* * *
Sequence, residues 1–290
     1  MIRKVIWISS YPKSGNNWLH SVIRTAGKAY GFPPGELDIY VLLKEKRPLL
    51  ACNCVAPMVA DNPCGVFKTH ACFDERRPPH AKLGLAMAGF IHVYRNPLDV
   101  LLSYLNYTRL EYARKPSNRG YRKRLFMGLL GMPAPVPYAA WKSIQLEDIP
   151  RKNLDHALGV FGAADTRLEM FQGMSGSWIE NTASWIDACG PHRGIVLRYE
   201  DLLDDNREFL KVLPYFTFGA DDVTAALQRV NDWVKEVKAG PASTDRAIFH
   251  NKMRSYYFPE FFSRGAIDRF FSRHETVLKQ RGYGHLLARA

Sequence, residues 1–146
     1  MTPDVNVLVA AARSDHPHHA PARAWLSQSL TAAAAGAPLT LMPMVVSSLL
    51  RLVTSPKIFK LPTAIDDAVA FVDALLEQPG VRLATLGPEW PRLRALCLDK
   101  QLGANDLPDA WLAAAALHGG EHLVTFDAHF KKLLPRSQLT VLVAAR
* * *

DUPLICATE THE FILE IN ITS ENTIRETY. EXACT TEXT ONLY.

Sequence, residues 1–290
     1  MIRKVIWISS YPKSGNNWLH SVIRTAGKAY GFPPGELDIY VLLKEKRPLL
    51  ACNCVAPMVA DNPCGVFKTH ACFDERRPPH AKLGLAMAGF IHVYRNPLDV
   101  LLSYLNYTRL EYARKPSNRG YRKRLFMGLL GMPAPVPYAA WKSIQLEDIP
   151  RKNLDHALGV FGAADTRLEM FQGMSGSWIE NTASWIDACG PHRGIVLRYE
   201  DLLDDNREFL KVLPYFTFGA DDVTAALQRV NDWVKEVKAG PASTDRAIFH
   251  NKMRSYYFPE FFSRGAIDRF FSRHETVLKQ RGYGHLLARA

Sequence, residues 1–146
     1  MTPDVNVLVA AARSDHPHHA PARAWLSQSL TAAAAGAPLT LMPMVVSSLL
    51  RLVTSPKIFK LPTAIDDAVA FVDALLEQPG VRLATLGPEW PRLRALCLDK
   101  QLGANDLPDA WLAAAALHGG EHLVTFDAHF KKLLPRSQLT VLVAAR